It turns out, Lantigua was very much alive. Any lingering doubt about it vanished on Monday when he appeared in a federal courtroom in Asheville, N.C.
It was all a ruse — an alleged plan to escape mountains of debt and collect more than $9 million in bogus life insurance claims, according to prosecutors.
Over the weekend, Lantigua, a 62-year-old from Jacksonville, Fla., was arrested near his wife’s affluent mountain home in North Carolina. He has been charged with a one count of making a false statement on a passport application. He has also been charged in state court in Florida with seven counts of filing fraudulent insurance claims and another count of scheming to fraud, according to the Associated Press.
His wife, Daphne Simpson, was also arrested and faces the same state charges.
Indeed, the two-year mystery and its messy conclusion came as a shock to some back in Jacksonville, where Lantigua seemed to be a business success. He was a former executive for Fidelity National Information Services who bought a furniture store in 2008 and turned it into a “local favorite,” the Jacksonville Business Journal reported in 2013. A few years later, he opened another store on the other side of town. He even announced plans for a third. But during his alleged death scam, the newspaper revealed his estate was more than $8 million in the red.
His story started to fall apart amid lawsuits between life insurance companies and Lantigua’s son. The family claimed Lantigua died overseas, but insurance companies didn’t believe them and refused to pay the claims.
Hartford Life and Annuity Insurance Company, which was supposed to shell out $2.5 million on a life insurance policy to settle Lantigua’s debt at a local bank, started investigating the death, according to the Jacksonville Business Journal. It sent a letter to his family’s attorney saying it knew the truth, and it filed a lawsuit stating it shouldn’t have to make payments.
“Our investigation has revealed that Mr. Lantigua is alive and living in Venezuela,” a claim examiner wrote, according to the Florida Times‑Union. Without a death, the letter added, “there is no benefit payable on this claim.”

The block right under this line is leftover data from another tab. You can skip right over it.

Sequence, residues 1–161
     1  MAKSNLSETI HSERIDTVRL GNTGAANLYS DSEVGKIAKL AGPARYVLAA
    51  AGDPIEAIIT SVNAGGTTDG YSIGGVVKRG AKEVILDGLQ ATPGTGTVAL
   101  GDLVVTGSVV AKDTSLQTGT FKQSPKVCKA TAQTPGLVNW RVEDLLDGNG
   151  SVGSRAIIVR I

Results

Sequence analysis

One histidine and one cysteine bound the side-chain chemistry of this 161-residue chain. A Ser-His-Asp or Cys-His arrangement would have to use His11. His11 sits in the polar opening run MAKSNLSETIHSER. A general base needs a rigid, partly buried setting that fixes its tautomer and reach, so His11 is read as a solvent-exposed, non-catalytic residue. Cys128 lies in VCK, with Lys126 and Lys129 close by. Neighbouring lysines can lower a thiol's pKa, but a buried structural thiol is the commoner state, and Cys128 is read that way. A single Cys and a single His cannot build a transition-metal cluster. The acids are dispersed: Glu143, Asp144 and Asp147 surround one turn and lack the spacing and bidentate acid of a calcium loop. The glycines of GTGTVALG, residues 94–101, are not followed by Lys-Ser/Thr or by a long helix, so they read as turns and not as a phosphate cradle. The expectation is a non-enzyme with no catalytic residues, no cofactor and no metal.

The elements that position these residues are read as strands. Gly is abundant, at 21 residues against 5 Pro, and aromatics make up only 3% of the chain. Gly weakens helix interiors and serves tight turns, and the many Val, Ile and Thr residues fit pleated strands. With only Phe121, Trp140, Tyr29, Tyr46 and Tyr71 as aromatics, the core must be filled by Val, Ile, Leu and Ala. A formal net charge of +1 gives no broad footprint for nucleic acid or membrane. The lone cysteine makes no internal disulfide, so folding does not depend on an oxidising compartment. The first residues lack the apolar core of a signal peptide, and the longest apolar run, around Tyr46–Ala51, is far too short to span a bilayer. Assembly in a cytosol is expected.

The family’s attorney at the time, Ray Driver, objected. “I have a certified death certificate and a certificate of the death of a U.S. citizen abroad from our U.S. State Department,” he said. “And I have not seen any evidence to refute those two pieces of paper.”
In the lawsuit, however, an investigator hired by the life insurance company claimed a Venezuelan attorney admitted he “participated in a scheme to fabricate documentation” for the death and that a funeral home director was “complicit in the scheme.” The funeral home allegedly got a doctor — who never saw the body — to sign the death certificate, the Jacksonville Business Journal reported.
Lantigua’s son fought back, accusing the insurance company of running a dirty investigation. But in the end, Lantigua seemed to seal his own fate.
In September of last year, the supposedly deceased Lantigua got a North Carolina driver’s license and birth certificate using the name of a former New York postal worker. Two months later, he used that identification to apply for a U.S. passport, according to a federal criminal complaint cited by the AP.
The passport application caught the attention of the State Department because the postal worker had applied for his own passport in 1999 and it didn’t quite match Lantigua’s passport application. They were different heights. Their eye color, hair color — and skin color — were also different. The photo from 1999 showed a black man. The one from 2014 showed a white man.
On the passport application, Lantigua also put down his wife’s real name as his emergency contact and listed his address as the one that matched her North Carolina home.
After weeks watching the house, federal investigators pulled over Lantigua in a Jeep Wrangler. He was wearing a “poorly dyed beard” and brown toupee, investigators said.
When he was arrested, he reportedly signed a document waiving his Miranda rights. “It’s been a long time since I signed my true name,” he said, according to court papers.